WOW: I agree, and feel it’s easy to spot when a writer is trying to “shoehorn” a story (that needs to be longer to do it justice) into the flash form. It doesn’t work. I also want to mention that you were a recent Guest Selecting Editor for the Wigleaf Top 50. Can you tell us more about the importance of this list in the flash world?
Kathy: I was very honored to be the selecting editor for the Wigleaf Top 50. They have a group of roaming editors who do the hard work of reading hundreds and hundreds of flash published online for a given year, which they winnow down to what they consider the best 200 or so. The selecting editor’s job is to choose the Top 50 from that list. The Top 50 is a hugely valuable, entirely free resource for readers and teachers. It’s all links on the Wigleaf site. I’m always so excited to read it and I’m particularly proud of the stories I chose. That’s one incredible long list, too. My job was tough!
WOW: What was your process for narrowing to a longlist and then ultimately naming the Top 50?
Kathy: My process was to read the entire list of stories straight through, taking note of the ones that were especially good. On first read through, I didn’t eliminate any stories, all remained in the running. My second read through was more critical. I had to make hard decisions. I paid special attention to opening paragraphs. Also, having read the stories once, which ones did I immediately remember? I think “memorability” is a good indication of a story’s power. If, on repeated readings, I was still in awe of a story it stayed in the running. In the end there were probably 10-15 stories I cut that, on another day, I may have kept. They were that close! Every selecting editor has their own preferences and biases so the list really reflects individual taste. I highly value freshness of language and approach, and emotional power.
WOW: Let’s take a look at some of your own award-winning work! Which of your flash pieces are you most proud of, and can you tell us about your inspiration in writing them?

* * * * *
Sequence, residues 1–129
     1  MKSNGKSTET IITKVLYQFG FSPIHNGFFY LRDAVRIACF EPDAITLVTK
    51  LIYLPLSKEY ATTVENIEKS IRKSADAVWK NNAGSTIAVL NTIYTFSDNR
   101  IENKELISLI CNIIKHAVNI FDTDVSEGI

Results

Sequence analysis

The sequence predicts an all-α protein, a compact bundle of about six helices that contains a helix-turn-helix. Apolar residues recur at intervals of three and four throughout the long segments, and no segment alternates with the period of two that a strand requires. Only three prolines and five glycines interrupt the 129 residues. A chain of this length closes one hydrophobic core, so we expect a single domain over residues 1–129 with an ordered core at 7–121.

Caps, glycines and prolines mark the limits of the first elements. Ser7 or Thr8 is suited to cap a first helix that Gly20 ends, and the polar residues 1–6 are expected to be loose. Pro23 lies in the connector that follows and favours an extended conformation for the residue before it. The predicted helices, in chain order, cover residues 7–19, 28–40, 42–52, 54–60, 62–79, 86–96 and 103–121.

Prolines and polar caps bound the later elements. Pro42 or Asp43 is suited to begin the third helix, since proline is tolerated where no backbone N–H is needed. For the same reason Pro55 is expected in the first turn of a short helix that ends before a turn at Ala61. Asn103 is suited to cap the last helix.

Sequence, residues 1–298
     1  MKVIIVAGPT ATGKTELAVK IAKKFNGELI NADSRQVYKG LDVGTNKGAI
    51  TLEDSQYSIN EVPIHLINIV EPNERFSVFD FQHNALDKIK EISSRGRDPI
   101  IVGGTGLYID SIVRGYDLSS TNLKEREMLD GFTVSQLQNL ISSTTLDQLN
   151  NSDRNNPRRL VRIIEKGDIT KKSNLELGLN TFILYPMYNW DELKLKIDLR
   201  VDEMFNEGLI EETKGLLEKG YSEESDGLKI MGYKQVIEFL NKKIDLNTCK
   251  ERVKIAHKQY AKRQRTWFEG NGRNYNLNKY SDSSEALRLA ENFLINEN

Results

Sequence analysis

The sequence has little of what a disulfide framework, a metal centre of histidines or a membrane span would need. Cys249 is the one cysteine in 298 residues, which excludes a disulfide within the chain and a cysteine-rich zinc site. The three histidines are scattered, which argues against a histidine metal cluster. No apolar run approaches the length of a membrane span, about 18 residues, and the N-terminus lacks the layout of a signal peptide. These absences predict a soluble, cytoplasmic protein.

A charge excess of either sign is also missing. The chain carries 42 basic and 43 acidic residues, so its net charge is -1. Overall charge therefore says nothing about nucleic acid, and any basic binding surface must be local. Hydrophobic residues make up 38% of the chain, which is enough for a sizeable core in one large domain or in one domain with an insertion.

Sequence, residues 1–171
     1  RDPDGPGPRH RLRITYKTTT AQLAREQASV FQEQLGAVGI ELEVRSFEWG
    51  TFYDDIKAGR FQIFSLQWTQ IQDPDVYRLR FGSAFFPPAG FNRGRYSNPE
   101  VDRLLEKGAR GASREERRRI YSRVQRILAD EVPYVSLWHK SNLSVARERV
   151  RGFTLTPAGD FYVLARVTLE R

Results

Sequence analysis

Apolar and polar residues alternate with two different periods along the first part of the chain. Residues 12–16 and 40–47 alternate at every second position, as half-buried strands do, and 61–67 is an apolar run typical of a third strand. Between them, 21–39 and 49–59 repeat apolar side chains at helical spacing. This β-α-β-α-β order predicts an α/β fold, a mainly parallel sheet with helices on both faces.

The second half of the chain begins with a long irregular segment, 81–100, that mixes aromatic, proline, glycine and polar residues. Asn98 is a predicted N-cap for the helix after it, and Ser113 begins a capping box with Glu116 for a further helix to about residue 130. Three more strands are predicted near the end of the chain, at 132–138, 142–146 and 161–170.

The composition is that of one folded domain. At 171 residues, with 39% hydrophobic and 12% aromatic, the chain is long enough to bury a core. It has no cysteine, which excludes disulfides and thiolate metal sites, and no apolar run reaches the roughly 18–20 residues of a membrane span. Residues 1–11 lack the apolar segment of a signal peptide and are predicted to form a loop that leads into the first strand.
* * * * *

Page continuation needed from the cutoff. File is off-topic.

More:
Kathy: The piece I’m most proud of is “Collective Nouns for Humans in the Wild.” It was first published in Jellyfish Review and has been widely shared and taught and anthologized. I wrote it in response to the mass shooting in Las Vegas and in response to every school shooting and mass shooting that preceded it. I have mixed feelings about it though as it deals with such a painful subject and it’s not at all a comforting piece to read. When I see it shared a lot again, I know there’s been yet another mass shooting. I think folks share it because it tells a hard, necessary truth.
I think writers always love their most recent work best and I quite like “Unfettered and Alive,” published in Waxwing. “Chicago” was published this year in Wigleaf. “You Were Only Waiting for this Moment to Arrive” in Ghost Parachute.
WOW: Each of these pieces is so tight and leaves such a lasting impression. Wow. And, how many drafts do you typically move through before you feel like one of your pieces is ready to submit?
Kathy: I’m going to confess something here: I don’t save early drafts of my stories. I just keep working on and saving the same draft. I spend a lot of time tweaking sentences. Sound is hugely important to me. I go over the stories many times. It takes a long time for me to feel satisfied with a story. If I get to a point where I read it straight through and it sounds good to my ear and the story feels fresh and moving and alive I call it finished and send it out.
WOW: I can’t let you go without asking about the writing retreats that you co-lead. Who doesn’t love a retreat, especially one with a beautiful locale like the one you held in Andalucia, Spain, this past summer? What makes these writing retreats special, how long have you been doing them, and how can our readers learn about upcoming ones in 2023?
Kathy: The retreats are just a stunning experience. Writers come away feeling energized and inspired. There’s something magical about working with like-minded souls in a supportive, nurturing environment. Nancy Stohlman finds venues that support creative immersion and provide creature comforts. The retreats have been very well reviewed and sell out fast. Nancy is currently taking registrations for retreats in 2023 to France, Grand Lake, Colorado, and Iceland. Those who are interested can get more information here.
WOW: In closing, where do you see the flash form in the next five years?
Kathy: Oh, everywhere. Flash is such an exciting, fluid, innovative form and it’s really starting to get its due in the literary world. My hope is that it will be taught in MFA programs as a distinct specialty or emphasis by actual practitioners of the form. One can dream!
It’s been such a treat to chat with flash guru, Kathy Fish! If you’d like to try one of Kathy’s flash workshops, be sure to subscribe to her newsletter where she shares workshop lottery openings as well as flash tips, writing prompts, and links to some of today’s best flash pieces. Find Kathy on Twitter and at her website.
Until next time!
Ann Kathryn Kelly writes from New Hampshire’s Seacoast region. She’s an editor with Barren Magazine, a columnist with WOW! Women on Writing, and she works in the technology sector. Ann leads writing workshops for a nonprofit that offers therapeutic arts programming to people living with brain injury. Her writing has appeared in a number of literary journals. https://annkkelly.com/.